As of June 21, 2014 national parks have been designated “no drone” zones along with airspace surrounding airports. 11 states have already passed drone regulatory legislation with many more to come, so figuring out where you can and cannot fly a drone can be really quite confusing.
Luckily for us the good people at The Verge have created an interactive showing us where drones are prohibited. This map only takes into account “no fly zones” surrounding national parks, military bases, and airports. Before you fly a drone for your next big project you need to make sure your state allows for commercial drone use.
Click here for the interactive map.
This map was created by The Verge. Thanks for sharing guys!
What are your thoughts on “no drone” zones? Should there be more or less regulation? Share in the comments below.
January 17, 2014
We’ve already seen some terrific aerials from RED’s EPIC DRAGON camera, and a new aerial video of Los Angeles from Axiom Images — not to be confused with the Apertus Axiom camera — really shows off the strengths of the new sensor. With its small size, 6K resolution, excellent dynamic range, and better low-light performance than the MX sensor, it may just be the perfect camera to take up into the sky. Check out the video below:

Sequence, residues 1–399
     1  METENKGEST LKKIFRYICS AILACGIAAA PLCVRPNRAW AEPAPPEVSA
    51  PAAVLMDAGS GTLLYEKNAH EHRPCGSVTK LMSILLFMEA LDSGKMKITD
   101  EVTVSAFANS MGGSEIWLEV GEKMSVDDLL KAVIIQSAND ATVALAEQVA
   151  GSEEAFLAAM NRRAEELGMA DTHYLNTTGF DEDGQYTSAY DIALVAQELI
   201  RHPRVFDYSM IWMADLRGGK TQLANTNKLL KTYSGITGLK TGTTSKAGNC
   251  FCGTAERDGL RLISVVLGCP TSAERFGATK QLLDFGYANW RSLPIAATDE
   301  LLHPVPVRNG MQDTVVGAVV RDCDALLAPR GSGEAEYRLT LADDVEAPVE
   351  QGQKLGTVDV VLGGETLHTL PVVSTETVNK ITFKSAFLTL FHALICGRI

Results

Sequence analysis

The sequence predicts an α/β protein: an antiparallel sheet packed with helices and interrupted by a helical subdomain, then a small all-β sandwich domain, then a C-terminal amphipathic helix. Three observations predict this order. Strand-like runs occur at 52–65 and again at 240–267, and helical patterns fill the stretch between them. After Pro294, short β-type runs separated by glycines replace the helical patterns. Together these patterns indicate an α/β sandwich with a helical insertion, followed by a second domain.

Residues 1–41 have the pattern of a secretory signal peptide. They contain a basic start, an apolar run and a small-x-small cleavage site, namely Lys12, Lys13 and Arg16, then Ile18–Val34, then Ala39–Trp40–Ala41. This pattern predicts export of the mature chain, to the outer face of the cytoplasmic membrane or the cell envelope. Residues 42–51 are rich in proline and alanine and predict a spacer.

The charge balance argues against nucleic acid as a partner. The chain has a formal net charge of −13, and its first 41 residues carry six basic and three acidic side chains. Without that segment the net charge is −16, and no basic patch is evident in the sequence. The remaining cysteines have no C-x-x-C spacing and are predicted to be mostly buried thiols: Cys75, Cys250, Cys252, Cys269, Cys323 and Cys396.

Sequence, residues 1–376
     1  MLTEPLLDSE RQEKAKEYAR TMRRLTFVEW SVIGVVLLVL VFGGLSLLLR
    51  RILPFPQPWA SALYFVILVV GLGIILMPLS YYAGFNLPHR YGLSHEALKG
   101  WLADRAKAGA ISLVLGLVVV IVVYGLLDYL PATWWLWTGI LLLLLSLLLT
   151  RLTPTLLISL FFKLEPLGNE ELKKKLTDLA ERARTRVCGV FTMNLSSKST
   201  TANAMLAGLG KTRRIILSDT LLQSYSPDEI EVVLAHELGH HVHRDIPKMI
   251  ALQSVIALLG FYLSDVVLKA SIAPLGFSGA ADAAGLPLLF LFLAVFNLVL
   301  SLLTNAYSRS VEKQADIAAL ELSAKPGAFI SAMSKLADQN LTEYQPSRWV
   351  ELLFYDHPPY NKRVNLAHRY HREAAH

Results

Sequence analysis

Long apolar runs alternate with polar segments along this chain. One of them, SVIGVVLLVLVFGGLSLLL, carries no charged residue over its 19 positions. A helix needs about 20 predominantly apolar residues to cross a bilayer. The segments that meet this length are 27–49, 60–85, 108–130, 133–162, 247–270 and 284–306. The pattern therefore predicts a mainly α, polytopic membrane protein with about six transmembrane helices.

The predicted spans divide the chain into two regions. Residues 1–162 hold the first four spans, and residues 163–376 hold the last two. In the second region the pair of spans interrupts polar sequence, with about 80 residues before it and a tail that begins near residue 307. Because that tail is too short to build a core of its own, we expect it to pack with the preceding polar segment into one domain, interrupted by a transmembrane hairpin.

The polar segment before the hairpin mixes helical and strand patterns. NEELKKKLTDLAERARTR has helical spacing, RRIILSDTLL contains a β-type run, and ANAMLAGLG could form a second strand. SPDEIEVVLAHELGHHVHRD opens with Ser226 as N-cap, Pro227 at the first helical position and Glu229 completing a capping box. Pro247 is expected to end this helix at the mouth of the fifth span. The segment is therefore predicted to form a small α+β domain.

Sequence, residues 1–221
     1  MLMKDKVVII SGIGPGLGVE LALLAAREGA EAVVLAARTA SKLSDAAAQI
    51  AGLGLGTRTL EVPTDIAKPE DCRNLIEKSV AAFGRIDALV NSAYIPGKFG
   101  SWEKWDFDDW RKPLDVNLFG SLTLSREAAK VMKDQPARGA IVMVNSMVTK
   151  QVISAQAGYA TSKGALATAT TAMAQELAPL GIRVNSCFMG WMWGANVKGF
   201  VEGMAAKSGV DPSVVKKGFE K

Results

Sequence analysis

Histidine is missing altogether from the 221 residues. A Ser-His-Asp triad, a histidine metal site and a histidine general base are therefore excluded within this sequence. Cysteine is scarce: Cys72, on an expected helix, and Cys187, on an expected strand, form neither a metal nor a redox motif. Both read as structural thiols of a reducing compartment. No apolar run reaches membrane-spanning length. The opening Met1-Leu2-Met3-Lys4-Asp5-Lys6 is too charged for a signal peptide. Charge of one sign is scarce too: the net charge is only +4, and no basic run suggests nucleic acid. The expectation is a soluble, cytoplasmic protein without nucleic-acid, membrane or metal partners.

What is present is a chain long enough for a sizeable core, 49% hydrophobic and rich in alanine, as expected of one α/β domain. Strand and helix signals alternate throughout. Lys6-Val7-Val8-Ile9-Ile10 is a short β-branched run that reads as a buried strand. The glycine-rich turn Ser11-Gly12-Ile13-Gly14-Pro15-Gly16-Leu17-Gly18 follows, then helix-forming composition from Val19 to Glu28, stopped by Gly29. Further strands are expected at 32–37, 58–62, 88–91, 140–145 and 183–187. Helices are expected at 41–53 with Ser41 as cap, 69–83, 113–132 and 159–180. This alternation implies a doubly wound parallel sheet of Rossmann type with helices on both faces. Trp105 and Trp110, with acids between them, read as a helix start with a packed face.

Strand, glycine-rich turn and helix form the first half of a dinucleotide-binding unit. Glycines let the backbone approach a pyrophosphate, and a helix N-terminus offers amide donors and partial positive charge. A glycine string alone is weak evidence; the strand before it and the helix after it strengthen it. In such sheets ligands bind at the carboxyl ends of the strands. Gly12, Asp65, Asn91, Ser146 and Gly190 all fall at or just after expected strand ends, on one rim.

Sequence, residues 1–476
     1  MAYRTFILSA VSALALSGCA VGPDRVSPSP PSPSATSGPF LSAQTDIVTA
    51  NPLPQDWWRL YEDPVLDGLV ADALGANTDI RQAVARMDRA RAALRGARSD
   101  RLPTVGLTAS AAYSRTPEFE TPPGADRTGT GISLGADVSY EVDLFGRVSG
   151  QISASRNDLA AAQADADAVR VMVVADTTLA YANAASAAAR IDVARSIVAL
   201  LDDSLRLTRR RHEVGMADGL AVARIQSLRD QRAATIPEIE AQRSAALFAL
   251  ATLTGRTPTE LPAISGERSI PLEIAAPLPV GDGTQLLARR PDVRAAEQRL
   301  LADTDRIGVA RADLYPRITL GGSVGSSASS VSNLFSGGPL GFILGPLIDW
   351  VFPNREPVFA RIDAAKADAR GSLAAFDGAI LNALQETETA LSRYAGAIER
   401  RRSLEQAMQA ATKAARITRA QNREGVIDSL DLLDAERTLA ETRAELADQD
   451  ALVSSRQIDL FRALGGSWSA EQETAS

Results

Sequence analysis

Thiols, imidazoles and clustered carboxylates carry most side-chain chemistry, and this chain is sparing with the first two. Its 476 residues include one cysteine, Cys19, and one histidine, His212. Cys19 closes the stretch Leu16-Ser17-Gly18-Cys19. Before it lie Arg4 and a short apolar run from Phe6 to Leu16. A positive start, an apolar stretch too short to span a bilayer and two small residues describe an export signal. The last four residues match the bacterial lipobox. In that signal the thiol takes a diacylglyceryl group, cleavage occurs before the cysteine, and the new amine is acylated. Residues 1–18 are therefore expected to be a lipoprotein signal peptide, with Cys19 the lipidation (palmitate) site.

This is what CJ Roy from Axiom Images had to say about the new sensor:
As far as the noise goes, with the MX I felt that 1280ISO was getting sketchy and 1600ISO was pushing it. With Dragon, I feel very comfortable with 2000ISO. The noise didn’t scream at me like it normally does. I need to pull up some older aerials and compare the two side by side, but I won’t have a chance until I’m back from NY.
The most impressive parts are the night shots. While LA is pretty well-lit at night, compared to what we used to get with film, these new digital sensors are simply stunning. CJ and the team shot on with 18-85mm Fuji Premiere in 5K (since that lens didn’t cover the full 6K sensor all the way through). Here’s a photo showing their setup in the PictorVision Eclipse rig:
For more on the Eclipse rig, here’s a nifty product video:
Obviously these kinds of setups are not cheap rentals, but the results speak for themselves, and many of these kinds of clips are available from companies like Axiom to purchase. For more information on the rig and Axiom images, check out the links below.